“I thought I ruined my life, but it was just starting,” Carr said. “I got brought down, I got humbled. One stupid mistake can cost you so much. At the time, it felt like something I couldn't get past.
“I thought I would be in jail. Now, I say, 'What the hell was I thinking?' It doesn't make no sense. I don't know why I did it.”
Carr was an all-state linebacker at First Coast High in Jacksonville and earned Under Armour All-American honors as he recorded 399 career tackles. He emerged as a blue-chip recruit with a reputation for punishing opponents.
After playing as a true freshman at Florida State, Carr was named the Seminoles' most dependable linebacker the following spring. A prominent role as a starting strong-side linebacker awaited him until his arrest .
“If I had stayed at Florida State, I was on my way to becoming a star,” Carr said.
Florida State coach Jimbo Fisher still laments the loss of Carr from the program He even allowed Carr to participate in the Seminoles' NFL Pro Day before the draft.
“He made bad choices, but I love Nigel and he paid a price,” Fisher said. “I was almost devastated, I was sad. It shocked me. I take it personal. We have a great relationship. There was nothing I could do but help him find a new place to go. It was totally out of my hands.
“He has great instincts and energy. He has a passion. No doubt, he would have been drafted if you eliminate the character issues and he played at a high level. I'm tickled to death that he's doing well now.”
Carr received a fresh start when he transferred to Alabama State, a historically black college in Montgomery, Ala., that competes at the Football Championship Subdivision level.
“When Nigel got here, he thought he had lost it all,” said Alabama State coach Reggie Barlow, a former Pro Bowl return specialist with the Jacksonville Jaguars. “It was a humbling experience. He understood this was a second shot and not to blow it. I can't say enough positive things about him.”
In two seasons at Alabama State, Carr registered 73 tackles, 9.5 for losses, three sacks and one interception and helped the Hornets win a Southwestern Athletic Conference division title.
Although Carr didn't excel academically at first, Barlow said he obeyed curfews, attended study hall and was well-behaved.
“I told [Ravens general manager] Ozzie Newsome we had zero problems with Nigel, he took care of business,” Barlow said. “The Ravens do an outstanding job of knowing about those guys that fall through the cracks.”
Motivated by fatherhood
Two weeks after Carr left Florida State, his girlfriend, Treana Ringer, gave birth to a baby girl named Ariana.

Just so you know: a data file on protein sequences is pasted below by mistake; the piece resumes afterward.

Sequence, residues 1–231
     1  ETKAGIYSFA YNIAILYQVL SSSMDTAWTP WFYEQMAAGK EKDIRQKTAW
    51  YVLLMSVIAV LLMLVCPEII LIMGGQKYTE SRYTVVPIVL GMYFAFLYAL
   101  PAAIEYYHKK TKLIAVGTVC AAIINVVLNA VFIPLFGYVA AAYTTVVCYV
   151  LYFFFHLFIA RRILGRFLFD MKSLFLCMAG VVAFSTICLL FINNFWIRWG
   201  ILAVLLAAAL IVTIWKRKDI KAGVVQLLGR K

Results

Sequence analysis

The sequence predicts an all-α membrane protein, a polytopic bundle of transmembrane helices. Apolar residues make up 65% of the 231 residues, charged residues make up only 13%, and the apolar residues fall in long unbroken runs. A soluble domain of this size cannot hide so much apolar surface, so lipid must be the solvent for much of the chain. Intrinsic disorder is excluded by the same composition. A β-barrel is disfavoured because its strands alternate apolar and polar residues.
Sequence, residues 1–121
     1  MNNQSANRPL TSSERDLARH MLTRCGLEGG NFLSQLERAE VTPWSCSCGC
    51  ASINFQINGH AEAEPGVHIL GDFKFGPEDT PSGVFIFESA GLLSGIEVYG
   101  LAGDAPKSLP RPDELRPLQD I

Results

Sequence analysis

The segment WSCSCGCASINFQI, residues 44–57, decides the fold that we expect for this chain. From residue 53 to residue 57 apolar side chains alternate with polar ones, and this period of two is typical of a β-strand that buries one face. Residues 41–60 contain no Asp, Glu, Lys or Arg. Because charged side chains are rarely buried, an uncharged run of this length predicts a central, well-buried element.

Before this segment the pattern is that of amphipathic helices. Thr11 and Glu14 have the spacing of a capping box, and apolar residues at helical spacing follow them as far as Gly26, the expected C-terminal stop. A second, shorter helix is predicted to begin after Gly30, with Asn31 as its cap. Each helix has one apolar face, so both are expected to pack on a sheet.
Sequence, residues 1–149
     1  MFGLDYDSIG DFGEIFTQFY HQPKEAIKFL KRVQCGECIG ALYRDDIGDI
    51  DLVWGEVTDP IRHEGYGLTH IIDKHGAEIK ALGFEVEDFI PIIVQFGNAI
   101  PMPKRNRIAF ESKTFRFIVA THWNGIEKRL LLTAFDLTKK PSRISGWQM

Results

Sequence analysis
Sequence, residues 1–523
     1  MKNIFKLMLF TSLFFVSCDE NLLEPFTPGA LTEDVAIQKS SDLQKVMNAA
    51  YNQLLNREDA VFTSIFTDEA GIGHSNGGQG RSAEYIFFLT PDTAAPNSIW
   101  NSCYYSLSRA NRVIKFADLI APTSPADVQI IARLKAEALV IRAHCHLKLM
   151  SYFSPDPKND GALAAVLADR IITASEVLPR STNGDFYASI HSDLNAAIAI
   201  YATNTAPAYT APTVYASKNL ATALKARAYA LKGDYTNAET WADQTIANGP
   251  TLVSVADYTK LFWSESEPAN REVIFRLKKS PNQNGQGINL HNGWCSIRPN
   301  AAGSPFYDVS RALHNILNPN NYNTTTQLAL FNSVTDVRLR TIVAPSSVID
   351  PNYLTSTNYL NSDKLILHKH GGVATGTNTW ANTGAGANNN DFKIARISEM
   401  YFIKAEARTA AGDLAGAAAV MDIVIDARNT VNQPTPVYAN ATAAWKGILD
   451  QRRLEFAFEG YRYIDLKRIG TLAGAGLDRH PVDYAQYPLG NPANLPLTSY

Since becoming a father, Ringer said Carr has become more responsible and is actively involved in his daughter’s life. Ariana celebrated her second birthday on Aug. 9.
“He wants to be included in everything, he wants to help,” said Ringer, who is in her final semester at Florida State. “He's being responsible. He's stepping up and doing a great job. I'm proud of him.”
If Carr secures a spot with the Ravens, he plans to move Ringer and his daughter to Baltimore to be with him.
“I play for her, I play for my family,” Carr said. “I've got to feed her. Right now, it's football that's going to do that. When she was born, I cried and I told God I wouldn't get in trouble again.”
Listed third on the depth chart at middle linebacker, Carr has been soaking up knowledge from All-Pro Ray Lewis.
Praised by linebackers coach Ted Monachino for his aggressive style, Carr is hoping he's made a strong impression. Although prone to penalties, drawing a fine of $15,750 for a roughing the passer infraction for his hit on Detroit Lions quarterback Shaun Hill, Carr is an active, athletic presence.
If the Ravens aren’t prepared to give Carr a spot on the final roster, he could be an ideal candidate for their practice squad. While Carr awaits his future, he said he's focused on keeping his word to Harbaugh.
“I'm proving that I'm a player here,” Carr said. “Most of all, I'm proving I'm a good person who made mistake. The coaches love my personality, energy and passion. It's a blessing that this organization put their faith and trust in me.”Copyright © 2015, The Baltimore Sun